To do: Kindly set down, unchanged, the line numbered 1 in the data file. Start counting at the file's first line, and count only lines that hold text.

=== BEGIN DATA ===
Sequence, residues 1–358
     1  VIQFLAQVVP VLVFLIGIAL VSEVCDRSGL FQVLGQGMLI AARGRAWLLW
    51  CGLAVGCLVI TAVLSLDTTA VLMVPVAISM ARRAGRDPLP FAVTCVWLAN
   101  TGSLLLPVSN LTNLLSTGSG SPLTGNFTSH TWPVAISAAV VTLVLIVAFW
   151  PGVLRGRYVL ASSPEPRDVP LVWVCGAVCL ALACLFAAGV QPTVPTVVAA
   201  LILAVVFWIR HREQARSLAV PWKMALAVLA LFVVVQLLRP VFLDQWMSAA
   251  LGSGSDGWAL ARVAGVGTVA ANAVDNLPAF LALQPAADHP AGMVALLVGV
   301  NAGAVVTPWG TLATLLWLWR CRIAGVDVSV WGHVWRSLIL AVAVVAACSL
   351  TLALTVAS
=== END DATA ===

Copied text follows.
Sequence, residues 1–358